Sotoba Komachi and The Damask Drum review at Greenwich Playhouse
The Japanese writer and exponent of Samurai values as counterweights to modern decadence, Yukio Mishima, fascinates not least because he committed Seppuku – the ritualised Samurai suicide involving disembowelment and beheading. Part of his plays’ lure is as insights into someone who could inflict such extreme violence. The frustration, especially for a Western audience, is that answers are inconclusive, though we acknowledge their sophistication.
His two short plays Sotoba Komachi and The Damask Drum are bound by the themes of unrequited love and old age, the cruelty of beauty and death – concerns both universal and, in this context, inscrutably Japanese.
The first play is more abstract and director Franko Figueiredo wisely opts for stylised presentation, effectively blending elements of modern Japan and of the Noh theatre Mishima revived. A wiry Tereza Araujo is the legendary Komachi, a 99-year-old once beautiful woman, who fatally enthrals poet (Jay Lim), shadowed by Ecco Shirasaka as Mishima himself.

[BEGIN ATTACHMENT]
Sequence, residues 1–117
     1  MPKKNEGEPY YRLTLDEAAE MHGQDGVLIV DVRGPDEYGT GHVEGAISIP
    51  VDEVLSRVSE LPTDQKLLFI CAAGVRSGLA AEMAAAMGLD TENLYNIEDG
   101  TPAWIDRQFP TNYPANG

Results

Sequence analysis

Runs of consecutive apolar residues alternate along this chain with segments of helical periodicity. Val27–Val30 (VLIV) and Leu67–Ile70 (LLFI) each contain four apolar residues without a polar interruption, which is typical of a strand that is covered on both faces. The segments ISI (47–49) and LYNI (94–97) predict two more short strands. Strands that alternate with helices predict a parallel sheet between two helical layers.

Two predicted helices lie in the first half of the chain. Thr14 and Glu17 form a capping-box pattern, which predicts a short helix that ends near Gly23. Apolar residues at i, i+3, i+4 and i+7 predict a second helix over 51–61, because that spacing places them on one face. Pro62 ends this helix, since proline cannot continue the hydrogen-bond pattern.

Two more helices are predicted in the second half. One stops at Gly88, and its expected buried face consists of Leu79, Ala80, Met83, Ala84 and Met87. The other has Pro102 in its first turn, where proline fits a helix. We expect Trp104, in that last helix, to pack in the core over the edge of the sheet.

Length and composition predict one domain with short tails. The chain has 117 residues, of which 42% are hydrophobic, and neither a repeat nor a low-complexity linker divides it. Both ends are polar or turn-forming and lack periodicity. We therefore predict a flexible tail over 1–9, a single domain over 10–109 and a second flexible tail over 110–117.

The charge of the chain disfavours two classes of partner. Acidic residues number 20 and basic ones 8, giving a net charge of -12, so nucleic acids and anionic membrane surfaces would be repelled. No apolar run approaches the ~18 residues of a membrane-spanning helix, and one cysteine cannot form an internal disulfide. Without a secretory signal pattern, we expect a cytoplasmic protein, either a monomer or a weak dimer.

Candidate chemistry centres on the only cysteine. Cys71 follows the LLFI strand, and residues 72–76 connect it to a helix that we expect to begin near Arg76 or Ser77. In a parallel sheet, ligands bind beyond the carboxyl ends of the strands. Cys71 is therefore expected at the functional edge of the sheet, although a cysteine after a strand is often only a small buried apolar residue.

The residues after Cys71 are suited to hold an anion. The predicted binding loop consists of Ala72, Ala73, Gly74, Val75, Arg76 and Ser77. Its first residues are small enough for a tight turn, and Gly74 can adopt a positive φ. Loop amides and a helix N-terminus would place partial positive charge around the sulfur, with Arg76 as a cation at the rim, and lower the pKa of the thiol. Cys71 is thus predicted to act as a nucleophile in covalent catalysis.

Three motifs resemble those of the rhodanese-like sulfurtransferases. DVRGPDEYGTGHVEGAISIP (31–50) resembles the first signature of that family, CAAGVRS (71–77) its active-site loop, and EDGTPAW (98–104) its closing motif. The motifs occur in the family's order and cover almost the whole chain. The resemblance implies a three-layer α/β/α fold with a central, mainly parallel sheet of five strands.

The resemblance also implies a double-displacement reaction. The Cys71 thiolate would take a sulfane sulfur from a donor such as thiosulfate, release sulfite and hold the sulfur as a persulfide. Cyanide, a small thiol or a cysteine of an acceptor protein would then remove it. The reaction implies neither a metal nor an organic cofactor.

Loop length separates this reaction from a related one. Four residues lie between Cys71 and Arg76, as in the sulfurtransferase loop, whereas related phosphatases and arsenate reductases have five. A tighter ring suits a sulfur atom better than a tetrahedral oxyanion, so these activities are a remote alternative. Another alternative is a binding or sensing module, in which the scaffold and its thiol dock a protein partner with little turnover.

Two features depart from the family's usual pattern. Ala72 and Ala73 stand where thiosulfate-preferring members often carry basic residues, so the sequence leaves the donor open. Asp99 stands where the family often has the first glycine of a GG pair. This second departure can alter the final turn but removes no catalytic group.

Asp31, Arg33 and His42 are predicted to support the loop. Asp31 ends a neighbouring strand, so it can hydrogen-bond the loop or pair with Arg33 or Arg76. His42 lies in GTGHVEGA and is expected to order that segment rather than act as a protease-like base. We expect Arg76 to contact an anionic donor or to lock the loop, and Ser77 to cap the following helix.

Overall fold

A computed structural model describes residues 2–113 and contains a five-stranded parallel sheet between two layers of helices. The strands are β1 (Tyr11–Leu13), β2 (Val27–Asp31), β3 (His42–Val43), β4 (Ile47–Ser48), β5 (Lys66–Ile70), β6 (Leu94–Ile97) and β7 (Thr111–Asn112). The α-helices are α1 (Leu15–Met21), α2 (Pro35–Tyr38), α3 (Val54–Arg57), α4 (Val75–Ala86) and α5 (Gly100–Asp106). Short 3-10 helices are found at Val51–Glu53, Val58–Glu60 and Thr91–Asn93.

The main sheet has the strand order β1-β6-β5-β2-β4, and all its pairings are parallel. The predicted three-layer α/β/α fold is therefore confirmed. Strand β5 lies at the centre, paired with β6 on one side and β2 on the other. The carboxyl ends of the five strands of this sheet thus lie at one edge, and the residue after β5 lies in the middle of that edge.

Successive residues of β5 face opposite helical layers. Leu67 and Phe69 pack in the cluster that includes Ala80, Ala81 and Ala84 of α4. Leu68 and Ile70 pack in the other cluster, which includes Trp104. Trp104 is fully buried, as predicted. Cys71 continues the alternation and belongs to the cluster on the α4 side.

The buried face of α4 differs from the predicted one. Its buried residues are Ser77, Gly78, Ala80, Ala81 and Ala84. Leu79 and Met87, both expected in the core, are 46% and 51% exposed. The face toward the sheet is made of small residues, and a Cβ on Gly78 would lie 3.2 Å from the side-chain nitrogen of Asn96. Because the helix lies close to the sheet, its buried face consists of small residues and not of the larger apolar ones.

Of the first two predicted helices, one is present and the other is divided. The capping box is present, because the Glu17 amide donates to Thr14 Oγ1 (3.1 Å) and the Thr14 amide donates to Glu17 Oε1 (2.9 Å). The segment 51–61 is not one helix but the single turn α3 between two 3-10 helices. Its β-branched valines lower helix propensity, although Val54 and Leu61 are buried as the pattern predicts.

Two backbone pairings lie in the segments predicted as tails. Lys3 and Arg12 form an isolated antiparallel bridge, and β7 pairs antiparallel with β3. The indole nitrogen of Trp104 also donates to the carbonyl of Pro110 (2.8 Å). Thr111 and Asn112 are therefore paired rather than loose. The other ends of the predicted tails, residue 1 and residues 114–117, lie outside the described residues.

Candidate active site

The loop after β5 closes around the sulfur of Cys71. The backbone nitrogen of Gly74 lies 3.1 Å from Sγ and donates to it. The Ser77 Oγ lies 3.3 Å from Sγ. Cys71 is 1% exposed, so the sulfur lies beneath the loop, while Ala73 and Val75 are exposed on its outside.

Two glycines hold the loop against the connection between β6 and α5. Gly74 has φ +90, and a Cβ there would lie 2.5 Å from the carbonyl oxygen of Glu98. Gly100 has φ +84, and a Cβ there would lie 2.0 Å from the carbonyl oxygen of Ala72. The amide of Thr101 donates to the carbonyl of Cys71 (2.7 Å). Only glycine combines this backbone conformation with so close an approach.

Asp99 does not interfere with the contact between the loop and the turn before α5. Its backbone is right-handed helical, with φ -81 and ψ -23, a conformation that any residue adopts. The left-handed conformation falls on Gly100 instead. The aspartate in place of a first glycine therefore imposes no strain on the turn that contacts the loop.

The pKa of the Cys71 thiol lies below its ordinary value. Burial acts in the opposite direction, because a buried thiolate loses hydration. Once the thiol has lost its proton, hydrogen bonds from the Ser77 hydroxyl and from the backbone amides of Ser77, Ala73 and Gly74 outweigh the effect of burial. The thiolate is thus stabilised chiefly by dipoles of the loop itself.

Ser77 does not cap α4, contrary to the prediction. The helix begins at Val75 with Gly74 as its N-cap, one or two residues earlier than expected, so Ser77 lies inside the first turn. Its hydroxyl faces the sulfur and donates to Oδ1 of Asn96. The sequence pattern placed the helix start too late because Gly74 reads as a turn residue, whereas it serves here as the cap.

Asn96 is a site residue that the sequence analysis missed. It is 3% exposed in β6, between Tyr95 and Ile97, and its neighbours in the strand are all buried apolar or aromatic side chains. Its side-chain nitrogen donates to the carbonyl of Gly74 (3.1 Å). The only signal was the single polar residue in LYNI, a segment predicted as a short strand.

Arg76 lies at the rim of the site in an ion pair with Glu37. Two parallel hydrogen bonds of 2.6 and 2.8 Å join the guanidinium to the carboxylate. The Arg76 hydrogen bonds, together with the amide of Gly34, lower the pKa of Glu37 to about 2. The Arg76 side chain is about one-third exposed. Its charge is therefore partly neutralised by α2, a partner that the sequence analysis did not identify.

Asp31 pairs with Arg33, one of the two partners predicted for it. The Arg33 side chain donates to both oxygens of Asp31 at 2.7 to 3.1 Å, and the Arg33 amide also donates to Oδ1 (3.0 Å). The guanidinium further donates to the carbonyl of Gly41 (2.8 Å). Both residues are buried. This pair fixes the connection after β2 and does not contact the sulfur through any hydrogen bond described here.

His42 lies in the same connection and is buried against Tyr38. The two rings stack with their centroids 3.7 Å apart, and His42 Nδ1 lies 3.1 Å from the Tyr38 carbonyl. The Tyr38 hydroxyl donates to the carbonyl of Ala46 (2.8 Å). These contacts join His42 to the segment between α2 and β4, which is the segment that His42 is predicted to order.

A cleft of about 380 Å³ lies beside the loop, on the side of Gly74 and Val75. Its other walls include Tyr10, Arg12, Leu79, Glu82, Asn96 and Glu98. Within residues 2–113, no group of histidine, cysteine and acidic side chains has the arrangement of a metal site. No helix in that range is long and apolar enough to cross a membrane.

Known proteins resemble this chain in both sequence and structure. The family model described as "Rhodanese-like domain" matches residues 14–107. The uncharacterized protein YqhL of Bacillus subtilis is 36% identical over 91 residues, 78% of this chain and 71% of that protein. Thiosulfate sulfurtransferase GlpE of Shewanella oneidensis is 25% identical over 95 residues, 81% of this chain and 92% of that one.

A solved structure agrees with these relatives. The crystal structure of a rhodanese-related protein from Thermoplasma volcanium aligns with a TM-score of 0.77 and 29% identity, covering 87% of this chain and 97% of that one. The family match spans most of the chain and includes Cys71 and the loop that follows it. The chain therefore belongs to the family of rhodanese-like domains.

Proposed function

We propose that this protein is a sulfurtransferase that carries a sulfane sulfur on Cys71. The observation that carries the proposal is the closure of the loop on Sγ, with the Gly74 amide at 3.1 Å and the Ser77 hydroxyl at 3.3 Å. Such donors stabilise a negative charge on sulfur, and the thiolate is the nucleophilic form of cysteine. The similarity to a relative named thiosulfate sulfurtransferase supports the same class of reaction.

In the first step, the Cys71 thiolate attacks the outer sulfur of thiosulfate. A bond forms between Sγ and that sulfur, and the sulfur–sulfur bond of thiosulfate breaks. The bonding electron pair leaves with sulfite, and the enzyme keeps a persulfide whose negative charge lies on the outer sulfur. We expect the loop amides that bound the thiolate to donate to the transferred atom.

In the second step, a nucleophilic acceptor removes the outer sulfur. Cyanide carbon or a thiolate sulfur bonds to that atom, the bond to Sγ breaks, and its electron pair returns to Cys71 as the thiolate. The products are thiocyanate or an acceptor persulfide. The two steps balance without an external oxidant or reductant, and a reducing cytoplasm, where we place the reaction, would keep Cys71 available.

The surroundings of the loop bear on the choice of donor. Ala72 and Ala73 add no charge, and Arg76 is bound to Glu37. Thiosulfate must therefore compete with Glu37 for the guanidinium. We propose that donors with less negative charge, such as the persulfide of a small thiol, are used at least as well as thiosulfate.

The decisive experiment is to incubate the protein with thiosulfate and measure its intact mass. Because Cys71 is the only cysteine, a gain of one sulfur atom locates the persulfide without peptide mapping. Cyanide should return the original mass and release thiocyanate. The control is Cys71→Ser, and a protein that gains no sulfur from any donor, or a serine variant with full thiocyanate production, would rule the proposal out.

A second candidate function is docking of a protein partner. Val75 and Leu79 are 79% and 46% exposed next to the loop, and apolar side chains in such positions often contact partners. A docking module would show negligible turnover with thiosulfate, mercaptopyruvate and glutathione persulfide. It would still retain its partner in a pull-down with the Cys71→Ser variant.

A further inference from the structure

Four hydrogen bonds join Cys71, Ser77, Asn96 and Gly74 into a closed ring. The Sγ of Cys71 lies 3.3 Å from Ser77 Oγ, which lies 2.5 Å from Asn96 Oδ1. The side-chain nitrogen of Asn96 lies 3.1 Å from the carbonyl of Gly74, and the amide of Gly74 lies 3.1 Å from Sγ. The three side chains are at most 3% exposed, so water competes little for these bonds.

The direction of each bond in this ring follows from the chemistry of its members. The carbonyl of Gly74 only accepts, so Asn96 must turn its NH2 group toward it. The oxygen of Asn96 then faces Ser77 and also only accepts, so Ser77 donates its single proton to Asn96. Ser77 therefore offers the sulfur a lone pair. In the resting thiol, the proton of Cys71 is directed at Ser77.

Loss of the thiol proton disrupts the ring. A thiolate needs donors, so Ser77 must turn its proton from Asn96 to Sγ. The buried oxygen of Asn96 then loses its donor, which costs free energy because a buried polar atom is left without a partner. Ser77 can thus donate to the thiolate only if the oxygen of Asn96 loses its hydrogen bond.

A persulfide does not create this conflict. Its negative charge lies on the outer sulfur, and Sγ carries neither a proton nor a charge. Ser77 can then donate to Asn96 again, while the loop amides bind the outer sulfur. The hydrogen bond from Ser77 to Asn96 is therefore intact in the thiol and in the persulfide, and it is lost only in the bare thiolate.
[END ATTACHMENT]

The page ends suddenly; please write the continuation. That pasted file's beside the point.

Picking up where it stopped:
Despite Figueiredo’s highly appropriate direction and confident, well-cast acting, the lasting impression is of the play’s difficulty. It is balanced by the more accessible, initially more light-hearted The Damask Drum, which recreates the bustle of Japanese office life and the enduring pain of those living in the slow lane.
Araujo is again to the fore as ring-leader among office lads, while Shirasaka is a lovelorn janitor pining for the cruel, beautiful Hanako (Carli Goodwin).
As in Noh, we progress into an afterworld where the consequences of mortal actions linger – but still we are denied any easy resolution of life’s cruelties.
Greenwich Playhouse, August 10-September 5
- Yukio Mishima translated by Donald Keene
- Franko Figueiredo
- Stone Crabs
- Cast includes
- Tereza Araujo, Carli Goodwin, Belinda Hoare,
- Jay Lim, Ecco Shirasaka, Akiko Sato, Nicholas Goode
- Running Time
- 1hr 30mins
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